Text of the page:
Maintenance of genetic diversity through plant-herbivore interactions

Andrew D. Gloss, Anna C. Nelson Dittrich, Benjamin Goldman-Huertas, Noah K Whiteman

Research output: Contribution to journalArticle

11 Citations (Scopus)

Abstract

Identifying the factors governing the maintenance of genetic variation is a central challenge in evolutionary biology. New genomic data, methods and conceptual advances provide increasing evidence that balancing selection, mediated by antagonistic species interactions, maintains genome-wide functionally important genetic variation within species and natural populations. Because diverse interactions between plants and herbivorous insects dominate terrestrial communities, they provide excellent systems to address this hypothesis. Population genomic studies of Arabidopsis thaliana and its relatives suggest spatial variation in herbivory maintains adaptive genetic variation controlling defense phenotypes, both within and among populations. Conversely, inter-species variation in plant defenses promotes adaptive genetic variation in herbivores. Emerging genomic model herbivores of Arabidopsis could illuminate how genetic variation in herbivores and plants interact simultaneously.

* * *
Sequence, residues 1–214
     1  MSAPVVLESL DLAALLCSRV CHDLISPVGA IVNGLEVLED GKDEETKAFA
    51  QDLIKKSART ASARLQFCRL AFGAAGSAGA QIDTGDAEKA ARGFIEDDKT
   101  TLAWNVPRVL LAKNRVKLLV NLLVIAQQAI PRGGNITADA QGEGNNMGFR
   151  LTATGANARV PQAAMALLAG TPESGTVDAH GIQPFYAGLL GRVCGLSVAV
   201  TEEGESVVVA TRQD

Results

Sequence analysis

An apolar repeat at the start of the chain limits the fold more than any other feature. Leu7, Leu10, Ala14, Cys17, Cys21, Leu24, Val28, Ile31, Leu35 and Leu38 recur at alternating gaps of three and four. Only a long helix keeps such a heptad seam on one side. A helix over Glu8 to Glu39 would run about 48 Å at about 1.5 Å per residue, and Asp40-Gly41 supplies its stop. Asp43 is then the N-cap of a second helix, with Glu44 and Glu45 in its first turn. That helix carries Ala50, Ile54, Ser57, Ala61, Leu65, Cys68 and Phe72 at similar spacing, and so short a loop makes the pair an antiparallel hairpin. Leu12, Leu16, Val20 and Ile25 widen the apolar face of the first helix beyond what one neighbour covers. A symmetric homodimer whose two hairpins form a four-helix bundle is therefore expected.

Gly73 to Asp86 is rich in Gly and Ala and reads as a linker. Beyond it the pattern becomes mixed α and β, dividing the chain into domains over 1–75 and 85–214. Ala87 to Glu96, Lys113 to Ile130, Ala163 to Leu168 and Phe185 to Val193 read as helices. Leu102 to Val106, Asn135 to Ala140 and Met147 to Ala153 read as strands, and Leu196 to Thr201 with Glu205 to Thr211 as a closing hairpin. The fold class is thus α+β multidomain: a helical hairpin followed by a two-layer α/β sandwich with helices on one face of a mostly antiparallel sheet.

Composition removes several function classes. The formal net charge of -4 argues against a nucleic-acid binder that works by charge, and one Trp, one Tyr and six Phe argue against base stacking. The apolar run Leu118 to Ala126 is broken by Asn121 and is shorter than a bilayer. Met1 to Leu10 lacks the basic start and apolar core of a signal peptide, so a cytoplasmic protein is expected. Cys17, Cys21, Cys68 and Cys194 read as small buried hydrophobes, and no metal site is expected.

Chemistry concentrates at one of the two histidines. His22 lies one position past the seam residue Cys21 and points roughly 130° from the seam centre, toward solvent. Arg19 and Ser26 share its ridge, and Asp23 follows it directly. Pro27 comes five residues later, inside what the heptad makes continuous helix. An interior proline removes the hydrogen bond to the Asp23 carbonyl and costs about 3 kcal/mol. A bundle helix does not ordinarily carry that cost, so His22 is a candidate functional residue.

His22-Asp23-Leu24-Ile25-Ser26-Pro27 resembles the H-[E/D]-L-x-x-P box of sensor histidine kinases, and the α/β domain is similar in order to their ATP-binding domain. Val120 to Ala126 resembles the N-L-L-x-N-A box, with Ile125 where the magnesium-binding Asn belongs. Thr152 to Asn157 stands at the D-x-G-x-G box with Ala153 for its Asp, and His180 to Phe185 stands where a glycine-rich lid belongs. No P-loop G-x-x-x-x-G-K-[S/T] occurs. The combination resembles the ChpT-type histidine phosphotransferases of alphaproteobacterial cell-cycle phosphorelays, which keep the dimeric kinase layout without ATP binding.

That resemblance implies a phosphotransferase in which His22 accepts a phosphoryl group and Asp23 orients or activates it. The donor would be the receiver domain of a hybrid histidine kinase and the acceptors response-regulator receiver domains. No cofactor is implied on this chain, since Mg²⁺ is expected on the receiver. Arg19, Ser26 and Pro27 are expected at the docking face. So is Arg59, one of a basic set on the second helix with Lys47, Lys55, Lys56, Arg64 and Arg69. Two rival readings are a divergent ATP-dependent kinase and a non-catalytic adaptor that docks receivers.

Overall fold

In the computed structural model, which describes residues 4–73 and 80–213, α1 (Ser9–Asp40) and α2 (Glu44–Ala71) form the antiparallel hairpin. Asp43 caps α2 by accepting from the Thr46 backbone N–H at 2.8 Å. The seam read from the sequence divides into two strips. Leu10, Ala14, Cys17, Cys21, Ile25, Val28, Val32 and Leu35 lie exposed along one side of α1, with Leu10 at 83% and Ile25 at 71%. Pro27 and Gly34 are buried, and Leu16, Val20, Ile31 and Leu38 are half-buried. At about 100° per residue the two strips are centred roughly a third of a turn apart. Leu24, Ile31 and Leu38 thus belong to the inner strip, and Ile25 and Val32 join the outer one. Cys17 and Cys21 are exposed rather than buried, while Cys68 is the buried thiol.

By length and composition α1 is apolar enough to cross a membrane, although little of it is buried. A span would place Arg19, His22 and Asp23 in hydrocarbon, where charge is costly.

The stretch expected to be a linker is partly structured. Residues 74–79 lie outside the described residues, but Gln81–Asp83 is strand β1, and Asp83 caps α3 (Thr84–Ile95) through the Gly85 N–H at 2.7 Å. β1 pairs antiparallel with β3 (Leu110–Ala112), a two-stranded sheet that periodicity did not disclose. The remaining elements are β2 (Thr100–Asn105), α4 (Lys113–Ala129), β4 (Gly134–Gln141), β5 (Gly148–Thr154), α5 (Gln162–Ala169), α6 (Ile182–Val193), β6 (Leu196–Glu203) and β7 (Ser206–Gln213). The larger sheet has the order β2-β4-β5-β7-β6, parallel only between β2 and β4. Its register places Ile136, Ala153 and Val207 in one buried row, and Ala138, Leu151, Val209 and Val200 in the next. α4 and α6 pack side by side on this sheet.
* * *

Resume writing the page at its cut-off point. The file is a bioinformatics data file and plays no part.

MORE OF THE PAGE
Original languageEnglish (US)
Pages (from-to)443-450
Number of pages8
JournalCurrent Opinion in Plant Biology
Volume16
Issue number4
DOIs
StatePublished - Aug 2013

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herbivores
genetic variation
genomics
phytophagous insects
spatial variation
Arabidopsis thaliana
Arabidopsis
phenotype
Biological Sciences
genome
methodology

ASJC Scopus subject areas

  • Plant Science

Cite this

Maintenance of genetic diversity through plant-herbivore interactions. / Gloss, Andrew D.; Nelson Dittrich, Anna C.; Goldman-Huertas, Benjamin; Whiteman, Noah K.

In: Current Opinion in Plant Biology, Vol. 16, No. 4, 08.2013, p. 443-450.

Research output: Contribution to journalArticle

Gloss, Andrew D. ; Nelson Dittrich, Anna C. ; Goldman-Huertas, Benjamin ; Whiteman, Noah K. / Maintenance of genetic diversity through plant-herbivore interactions. In: Current Opinion in Plant Biology. 2013 ; Vol. 16, No. 4. pp. 443-450.
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